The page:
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Report on Concepcion (Nicaragua) — 20 May-26 May 2015

Smithsonian / US Geological Survey Weekly Volcanic Activity Report, 20 May-26 May 2015
Managing Editor: Sally Kuhn Sennert

Please cite this report as:

Global Volcanism Program, 2015. Report on Concepcion (Nicaragua). In: Sennert, S K (ed.), Weekly Volcanic Activity Report, 20 May-26 May 2015. Smithsonian Institution and US Geological Survey.

Volcano Profile |  Weekly Report (20 May-26 May 2015)


Concepcion

Nicaragua

11.538°N, 85.622°W; summit elev. 1700 m

All times are local (unless otherwise noted)


According to a 6 May news article, activity at Concepción had increased about three weeks prior and was characterized by fluctuating levels of seismicity and gas explosions. In a 8 May statement, INETER noted that seismic activity and gas explosions at Concepción had decreased since the day before; 15 gas explosions has been detected in a 24-hour period. By 24 May there had been a total of 987 gas explosions detected by the network since an unspecified date of increased activity.

Geologic Background. Volcán Concepción is one of Nicaragua's highest and most active volcanoes. The symmetrical basaltic-to-dacitic stratovolcano forms the NW half of the dumbbell-shaped island of Ometepe in Lake Nicaragua and is connected to neighboring Madera volcano by a narrow isthmus. A steep-walled summit crater is 250 m deep and has a higher western rim. N-S-trending fractures on the flanks have produced chains of spatter cones, cinder cones, lava domes, and maars located on the NW, NE, SE, and southern sides extending in some cases down to Lake Nicaragua. Concepción was constructed above a basement of lake sediments, and the modern cone grew above a largely buried caldera, a small remnant of which forms a break in slope about halfway up the N flank. Frequent explosive eruptions during the past half century have increased the height of the summit significantly above that shown on current topographic maps and have kept the upper part of the volcano unvegetated.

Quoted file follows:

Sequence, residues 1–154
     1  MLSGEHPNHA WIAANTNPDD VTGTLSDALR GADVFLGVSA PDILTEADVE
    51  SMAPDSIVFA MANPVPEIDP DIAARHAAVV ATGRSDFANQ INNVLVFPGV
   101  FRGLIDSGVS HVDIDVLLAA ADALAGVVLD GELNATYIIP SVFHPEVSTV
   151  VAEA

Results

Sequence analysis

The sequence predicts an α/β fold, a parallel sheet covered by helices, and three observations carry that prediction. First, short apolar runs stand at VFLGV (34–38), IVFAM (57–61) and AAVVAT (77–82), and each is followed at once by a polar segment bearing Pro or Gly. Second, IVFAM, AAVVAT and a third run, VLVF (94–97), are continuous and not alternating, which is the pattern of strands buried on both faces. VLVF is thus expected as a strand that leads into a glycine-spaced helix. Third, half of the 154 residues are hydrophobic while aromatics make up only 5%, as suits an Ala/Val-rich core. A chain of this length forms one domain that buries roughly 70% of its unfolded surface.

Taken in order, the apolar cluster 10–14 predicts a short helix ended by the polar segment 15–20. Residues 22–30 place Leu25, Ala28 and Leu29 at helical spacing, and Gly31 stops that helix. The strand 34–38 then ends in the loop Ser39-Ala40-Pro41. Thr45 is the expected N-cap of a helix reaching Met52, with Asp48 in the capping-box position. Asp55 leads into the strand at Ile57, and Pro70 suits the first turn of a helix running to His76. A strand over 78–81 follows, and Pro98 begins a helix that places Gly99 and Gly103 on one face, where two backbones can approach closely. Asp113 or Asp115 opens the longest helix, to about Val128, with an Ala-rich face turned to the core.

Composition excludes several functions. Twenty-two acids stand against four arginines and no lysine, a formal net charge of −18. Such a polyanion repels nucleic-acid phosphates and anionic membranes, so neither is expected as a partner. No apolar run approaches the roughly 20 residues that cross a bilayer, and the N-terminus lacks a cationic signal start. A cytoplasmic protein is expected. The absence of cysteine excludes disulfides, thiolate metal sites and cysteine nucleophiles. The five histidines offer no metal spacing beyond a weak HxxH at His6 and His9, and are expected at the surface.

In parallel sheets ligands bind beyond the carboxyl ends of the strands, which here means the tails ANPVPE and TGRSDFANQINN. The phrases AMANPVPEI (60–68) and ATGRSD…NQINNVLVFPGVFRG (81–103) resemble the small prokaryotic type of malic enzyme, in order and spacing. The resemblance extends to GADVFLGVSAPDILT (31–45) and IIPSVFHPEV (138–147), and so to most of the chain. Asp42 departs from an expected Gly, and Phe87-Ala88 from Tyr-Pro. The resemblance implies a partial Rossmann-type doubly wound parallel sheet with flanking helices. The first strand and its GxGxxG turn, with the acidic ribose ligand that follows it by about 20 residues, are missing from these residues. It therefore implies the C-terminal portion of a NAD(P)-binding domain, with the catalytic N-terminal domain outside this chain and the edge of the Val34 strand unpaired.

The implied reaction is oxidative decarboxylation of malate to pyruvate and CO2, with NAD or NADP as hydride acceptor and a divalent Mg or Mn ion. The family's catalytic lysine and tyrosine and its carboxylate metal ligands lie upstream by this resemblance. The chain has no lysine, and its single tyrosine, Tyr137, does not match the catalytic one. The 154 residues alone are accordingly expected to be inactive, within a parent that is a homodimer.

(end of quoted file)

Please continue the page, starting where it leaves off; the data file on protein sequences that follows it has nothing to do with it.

Sources: Instituto Nicaragüense de Estudios Territoriales (INETER), La Vanguardia